Mike: Even though the story is fiction, there is still a lot of truth in it. Many of the scenes are borrowed from our own experiences as teachers and from our lives. When I would work on the more painful days of Jimmy’s life, I would often reflect on my own school days. I would remember how it felt to left out because of being the smallest kid in class. And, regretfully, I would remember the days in which I was the bystander, the times in which I did nothing by watch the victim get bullied. Those days in particular haunt me still. But when I was writing about the entertaining part of being in school, there are many times I laughed out loud.

What do you hope readers take away from The Fat Boy Chronicles?
Mike: I hope the reader will gain a new confidence in themselves and an appreciation of how they truly can change the life of someone else. And “changing” can have two meanings. One is that through your actions, or lack thereof, you have the capacity for destroy a person’s self esteem, restrict their potential as a human and sometimes even cost them their lives. On the other hand, you have within you the opportunity to be a hero for someone, to make a difference in their life that they will remember forever. And all is costs you is a few moments of sitting with them at the lunch table, a simple phrase of “how about leaving them alone?” or being a real friend when someone needs you.

What do you remember about your local library growing up?
Diane: As a child I loved browsing the library, and without the library, I would have never found such wondrous books as “A Tree Grows in Brooklyn,” “Girl of the Limberlost,” and “Anne of Green Gables.” Some of my other favorite books as a teen were “East of Eden,” “The Pickwick Papers,” and “Sister Carrie.” My all time favorite novel is “All the Kings Men” by Robert Penn Warren.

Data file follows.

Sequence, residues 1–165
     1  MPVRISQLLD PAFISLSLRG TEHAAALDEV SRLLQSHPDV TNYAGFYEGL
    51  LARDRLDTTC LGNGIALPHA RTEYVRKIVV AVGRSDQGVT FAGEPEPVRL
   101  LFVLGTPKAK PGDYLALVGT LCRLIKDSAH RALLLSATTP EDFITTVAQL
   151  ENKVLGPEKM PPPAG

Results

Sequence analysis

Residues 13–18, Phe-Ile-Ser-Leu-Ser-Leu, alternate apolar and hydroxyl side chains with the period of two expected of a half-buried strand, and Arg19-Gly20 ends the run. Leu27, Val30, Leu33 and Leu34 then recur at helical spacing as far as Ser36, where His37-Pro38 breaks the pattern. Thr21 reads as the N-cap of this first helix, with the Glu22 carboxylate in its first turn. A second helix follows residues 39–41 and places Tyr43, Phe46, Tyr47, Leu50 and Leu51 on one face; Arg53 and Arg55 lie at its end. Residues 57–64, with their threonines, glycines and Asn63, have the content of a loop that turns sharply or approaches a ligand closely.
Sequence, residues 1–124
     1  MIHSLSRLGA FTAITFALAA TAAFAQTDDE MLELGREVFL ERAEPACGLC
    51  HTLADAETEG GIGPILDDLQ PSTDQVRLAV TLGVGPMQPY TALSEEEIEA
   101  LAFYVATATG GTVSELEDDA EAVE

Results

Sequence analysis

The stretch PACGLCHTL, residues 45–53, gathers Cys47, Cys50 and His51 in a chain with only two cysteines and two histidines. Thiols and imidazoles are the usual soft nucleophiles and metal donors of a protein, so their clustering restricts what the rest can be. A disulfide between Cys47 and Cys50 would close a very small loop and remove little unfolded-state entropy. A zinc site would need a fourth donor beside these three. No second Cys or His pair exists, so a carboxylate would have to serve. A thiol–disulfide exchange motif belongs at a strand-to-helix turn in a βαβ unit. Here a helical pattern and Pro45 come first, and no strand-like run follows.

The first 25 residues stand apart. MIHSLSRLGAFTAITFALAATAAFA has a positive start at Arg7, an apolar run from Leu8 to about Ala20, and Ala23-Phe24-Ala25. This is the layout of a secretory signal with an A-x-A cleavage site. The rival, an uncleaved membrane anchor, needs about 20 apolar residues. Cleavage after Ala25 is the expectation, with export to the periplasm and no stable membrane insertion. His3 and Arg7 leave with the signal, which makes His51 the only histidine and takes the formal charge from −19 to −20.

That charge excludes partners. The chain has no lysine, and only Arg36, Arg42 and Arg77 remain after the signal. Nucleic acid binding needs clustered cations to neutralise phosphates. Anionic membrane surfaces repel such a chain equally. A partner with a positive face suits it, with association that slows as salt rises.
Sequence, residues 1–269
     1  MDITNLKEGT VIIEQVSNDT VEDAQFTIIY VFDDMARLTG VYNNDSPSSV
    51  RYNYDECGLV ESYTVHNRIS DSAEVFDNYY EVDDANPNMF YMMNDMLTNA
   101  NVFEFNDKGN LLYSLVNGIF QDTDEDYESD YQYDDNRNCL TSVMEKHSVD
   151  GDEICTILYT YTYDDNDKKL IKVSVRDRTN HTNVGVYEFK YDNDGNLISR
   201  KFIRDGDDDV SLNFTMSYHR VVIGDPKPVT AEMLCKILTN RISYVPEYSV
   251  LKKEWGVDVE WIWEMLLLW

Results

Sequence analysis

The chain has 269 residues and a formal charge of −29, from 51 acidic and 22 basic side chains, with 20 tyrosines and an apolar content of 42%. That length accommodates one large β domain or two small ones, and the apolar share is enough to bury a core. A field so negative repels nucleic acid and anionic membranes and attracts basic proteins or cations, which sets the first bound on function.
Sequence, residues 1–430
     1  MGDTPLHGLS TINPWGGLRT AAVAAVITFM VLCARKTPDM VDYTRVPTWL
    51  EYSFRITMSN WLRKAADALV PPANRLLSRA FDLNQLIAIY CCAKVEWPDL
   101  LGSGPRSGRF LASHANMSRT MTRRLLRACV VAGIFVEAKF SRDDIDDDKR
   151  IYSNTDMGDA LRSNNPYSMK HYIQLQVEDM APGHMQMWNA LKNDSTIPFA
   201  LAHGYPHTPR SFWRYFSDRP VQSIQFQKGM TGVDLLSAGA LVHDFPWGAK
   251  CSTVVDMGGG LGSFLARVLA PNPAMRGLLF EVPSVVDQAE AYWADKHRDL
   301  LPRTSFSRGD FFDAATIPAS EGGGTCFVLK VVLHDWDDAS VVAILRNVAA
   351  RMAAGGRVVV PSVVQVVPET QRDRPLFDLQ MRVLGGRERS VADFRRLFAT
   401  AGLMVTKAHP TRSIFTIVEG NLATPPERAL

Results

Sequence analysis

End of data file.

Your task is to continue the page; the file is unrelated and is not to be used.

I think parents should take their children to the library as soon they are old enough to walk.   My dad loved to read, and he was the one that took me to library before I was old enough to put sentences together. My dad turned me on to “Little Women” and “Ivanhoe,” among many other well-known books.

Any Advice to young writers?
Diane: My advice to young writers is to READ, READ, and READ.  Almost through osmosis, a person who reads a lot of books learns the structure and the nuances of good writing.

Mike: No matter what it is you write about-write! Even if you just write about your day at school, each time you put your words on paper, you get closer to learning your own voice.

We have your Summer READ!

Mon, 06/15/2015 - 10:42am

Summer reads for adults, teens, and children